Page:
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Rankings don't always indicate final outcomes. Most anyone who follows U.S. major league baseball would've bet, on the basis of their respective rankings, that there was no way the Boston Red Sox were going to lose what turned out to be their most important game of the year to the hapless, scorned, ranked-dead-last Baltimore Orioles. But hey, things happen.
The BSA study — done in collaboration with the Economist Intelligence Unit — measures the capability of each country (66 in all) to support "a strong IT production sector." The researchers analyze six factors they see as key to a healthy IT situation: business environment, IT infrastructure, human capital, research and development, legal environment, and public support for industry development.
The element that carries the most weight in the final score is R&D. What the analysts look for when judging a country's research environment include public and private expenditures, number of new IT patents filed by residents, and money from royalty and licensing fees.
The Nearshore country with the best overall rank turned out to be Chile, with a score of 32. Congratulations, Chile. Not to be a Debbie Downer, but that score actually represents a drop of five notches by Chile since the last Index (in 2009). One thing working against Chile's evaluation is its R&D environment, graded at 1.4 by the BSA analysts. That's where another Nearshore neighbor, Brazil, really boosted its ranking. In terms of R&D, the country has the best atmosphere for research in all of Latin America, the report says, giving a score of 21.2.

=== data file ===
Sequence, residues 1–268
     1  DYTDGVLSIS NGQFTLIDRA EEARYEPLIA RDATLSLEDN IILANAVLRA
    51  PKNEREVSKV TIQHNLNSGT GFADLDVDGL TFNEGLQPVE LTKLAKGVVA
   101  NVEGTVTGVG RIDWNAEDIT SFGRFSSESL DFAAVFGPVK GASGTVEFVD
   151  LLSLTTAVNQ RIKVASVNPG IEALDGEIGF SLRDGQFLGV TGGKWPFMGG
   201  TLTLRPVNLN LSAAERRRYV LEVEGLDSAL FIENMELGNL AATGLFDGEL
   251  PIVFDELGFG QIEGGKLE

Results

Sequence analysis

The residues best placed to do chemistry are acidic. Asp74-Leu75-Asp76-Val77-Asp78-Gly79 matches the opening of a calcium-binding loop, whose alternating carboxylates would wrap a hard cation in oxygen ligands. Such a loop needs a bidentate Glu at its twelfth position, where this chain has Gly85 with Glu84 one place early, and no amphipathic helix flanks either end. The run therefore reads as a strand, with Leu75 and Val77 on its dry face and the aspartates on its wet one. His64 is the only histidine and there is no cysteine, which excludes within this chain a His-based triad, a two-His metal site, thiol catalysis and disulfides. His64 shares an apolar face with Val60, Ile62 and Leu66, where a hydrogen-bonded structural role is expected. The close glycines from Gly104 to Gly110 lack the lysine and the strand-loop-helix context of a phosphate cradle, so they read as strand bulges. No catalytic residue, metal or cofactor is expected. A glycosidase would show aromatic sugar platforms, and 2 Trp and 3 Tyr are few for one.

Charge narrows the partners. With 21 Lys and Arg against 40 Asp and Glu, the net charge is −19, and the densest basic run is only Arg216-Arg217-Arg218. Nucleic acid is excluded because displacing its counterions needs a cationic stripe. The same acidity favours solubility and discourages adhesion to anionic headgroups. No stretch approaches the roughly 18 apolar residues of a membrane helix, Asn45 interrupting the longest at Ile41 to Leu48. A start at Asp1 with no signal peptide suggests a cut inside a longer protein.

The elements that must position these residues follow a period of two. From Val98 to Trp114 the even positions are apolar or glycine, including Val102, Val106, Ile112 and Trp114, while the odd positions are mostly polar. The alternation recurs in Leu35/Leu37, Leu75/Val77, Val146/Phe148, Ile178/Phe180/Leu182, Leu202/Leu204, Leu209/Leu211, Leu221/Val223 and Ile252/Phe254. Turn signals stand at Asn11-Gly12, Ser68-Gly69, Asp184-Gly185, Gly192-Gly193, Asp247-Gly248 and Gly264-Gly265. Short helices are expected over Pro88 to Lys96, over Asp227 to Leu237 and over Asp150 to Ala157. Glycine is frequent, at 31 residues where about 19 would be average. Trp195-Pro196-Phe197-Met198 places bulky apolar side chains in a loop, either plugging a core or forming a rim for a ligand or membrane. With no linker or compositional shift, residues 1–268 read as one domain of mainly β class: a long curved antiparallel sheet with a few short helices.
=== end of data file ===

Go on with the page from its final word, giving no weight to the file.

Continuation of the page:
Mexico, given a 16.2, was also recognized for improvements in this area during the past two years. Mexico's overall ranking is 44, putting it smack dab in the middle of the regional rankings.
What's important about the R&D scores is that R&D drives much of what makes a country competitive in information technology. These scores could be interpreted as an indicator of a country's readiness and willingness to be a successful IT partner. Countries — their governments and their businesses — that want to become global tech players, that want to be leaders in IT outsourcing and BPO — need to invest in R&D, in new tools and new processes. Without that investment, innovation struggles and stagnates, and without innovation, it's a dreary road ahead.
As BSA president Robert Holleyman says in the report accompanying the new Index: "Technology innovation boosts productivity and spurs economic growth, economists have long understood, because it allows companies to get more out of the investments they make in labor and capital."
We'll look at other criteria for IT competitiveness in subsequent posts. Meanwhile, for fellow rankings junkies and observers of the Nearshore IT outsourcing scene, here's how the region's countries placed, followed by their cumulative scores:
1. United States 80.5
7. Canada 67.6
32. Chile 43.2
39. Brazil 39.5
44. Mexico 37.0
45. Argentina 36.2
49. Colombia 33.7
55. Peru 25.5
58. Venezuela 24.5
59. Ecuador 23.1
Final note: Never get too comfortable with a high ranking, especially up there at the top. That's the perch the Red Sox occupied until a month or so ago, and then from there it was a slide into infamy.